Despite long-standing calls for greater inclusivity in U.S. museum practices by the American Association of Museums (Hirzy, 1992) and the leading U.S. museum theorist (Weil, 1999), I maintain that many art museums have continued curatorial practices that address the interests of traditional museum-goers while leaving other audiences disenfranchised. At the same time, public funding is decreasing (Katz, 2010), and museums must look for new sources of support. I argue that by becoming responsive and relevant to diverse audiences, museums can become vital to their communities and thus sustainable.
I apply Collins’ (2001, 2005) research on achieving sustained great results in the business and social sectors to art museums. Key is the so-called hedgehog concept that involves determining what an enterprise is deeply passionate about, what it can do best, and how it can develop a sustainable resource base. Given that art museums are passionate about art but are experiencing funding challenges, I suggest that museums seek new audiences and sources of support by adopting visitor-centered exhibition practices (what they could do best).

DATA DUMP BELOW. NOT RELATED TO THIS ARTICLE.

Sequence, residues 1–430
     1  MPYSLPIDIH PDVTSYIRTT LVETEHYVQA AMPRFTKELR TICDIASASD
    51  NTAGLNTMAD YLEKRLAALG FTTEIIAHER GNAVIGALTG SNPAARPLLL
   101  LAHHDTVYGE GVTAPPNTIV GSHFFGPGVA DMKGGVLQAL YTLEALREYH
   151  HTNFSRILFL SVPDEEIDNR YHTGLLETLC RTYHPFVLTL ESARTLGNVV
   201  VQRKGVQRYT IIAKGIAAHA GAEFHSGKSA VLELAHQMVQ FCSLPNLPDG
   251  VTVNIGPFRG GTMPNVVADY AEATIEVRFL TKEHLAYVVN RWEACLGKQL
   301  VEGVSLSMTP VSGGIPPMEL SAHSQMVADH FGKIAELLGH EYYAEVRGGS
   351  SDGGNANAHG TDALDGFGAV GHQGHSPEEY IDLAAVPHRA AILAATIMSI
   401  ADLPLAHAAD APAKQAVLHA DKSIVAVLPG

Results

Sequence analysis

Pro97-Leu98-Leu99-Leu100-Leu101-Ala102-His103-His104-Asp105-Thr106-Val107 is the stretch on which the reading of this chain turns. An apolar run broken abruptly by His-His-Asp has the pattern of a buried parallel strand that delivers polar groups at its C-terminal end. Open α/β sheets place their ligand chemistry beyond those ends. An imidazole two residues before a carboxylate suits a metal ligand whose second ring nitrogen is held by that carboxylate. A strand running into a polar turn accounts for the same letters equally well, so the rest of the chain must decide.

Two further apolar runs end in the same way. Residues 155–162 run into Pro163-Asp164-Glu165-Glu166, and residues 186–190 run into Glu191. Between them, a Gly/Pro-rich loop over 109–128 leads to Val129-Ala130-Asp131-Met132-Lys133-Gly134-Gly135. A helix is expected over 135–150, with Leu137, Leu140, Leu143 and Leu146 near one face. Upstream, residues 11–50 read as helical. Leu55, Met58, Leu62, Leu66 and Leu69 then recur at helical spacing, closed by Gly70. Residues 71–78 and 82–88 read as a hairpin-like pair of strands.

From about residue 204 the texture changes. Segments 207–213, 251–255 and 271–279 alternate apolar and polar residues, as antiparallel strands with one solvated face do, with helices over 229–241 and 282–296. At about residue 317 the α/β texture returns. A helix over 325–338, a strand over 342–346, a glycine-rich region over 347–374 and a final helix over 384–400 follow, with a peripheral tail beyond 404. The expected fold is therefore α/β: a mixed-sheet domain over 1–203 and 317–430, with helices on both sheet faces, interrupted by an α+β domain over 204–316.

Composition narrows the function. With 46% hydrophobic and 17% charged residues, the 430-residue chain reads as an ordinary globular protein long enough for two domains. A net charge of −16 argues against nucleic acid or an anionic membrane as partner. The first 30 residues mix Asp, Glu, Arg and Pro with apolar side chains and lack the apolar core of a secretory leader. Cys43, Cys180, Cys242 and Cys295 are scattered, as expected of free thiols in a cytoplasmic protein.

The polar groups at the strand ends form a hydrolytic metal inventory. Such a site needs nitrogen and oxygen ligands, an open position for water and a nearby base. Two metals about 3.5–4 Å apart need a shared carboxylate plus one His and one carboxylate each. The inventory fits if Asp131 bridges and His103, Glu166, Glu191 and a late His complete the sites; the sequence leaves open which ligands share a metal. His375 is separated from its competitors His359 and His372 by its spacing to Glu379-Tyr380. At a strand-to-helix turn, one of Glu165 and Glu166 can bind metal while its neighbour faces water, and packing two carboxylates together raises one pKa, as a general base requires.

Supported interpretation is such a practice. It is a new model for museum exhibitions that uses a team curatorial process incorporating both the educational and exhibition functions of a museum. The exhibition is reconceptualized as an interface, or point of interaction between the museum and its visitors. The interface is imbedded with resources—mostly non-text-based—from which free-choice visitors, regardless of their prior knowledge, may choose to support their own interpretations (Villeneuve & Erickson, 2011). I illustrate the model with examples from two exhibitions.
|Keywords:||Sustainability, Visitor-centered Exhibitions, Supported Interpretation, Inclusivity|
Professor, Department of Art Education, Florida State University, Tallahassee, FL, USA
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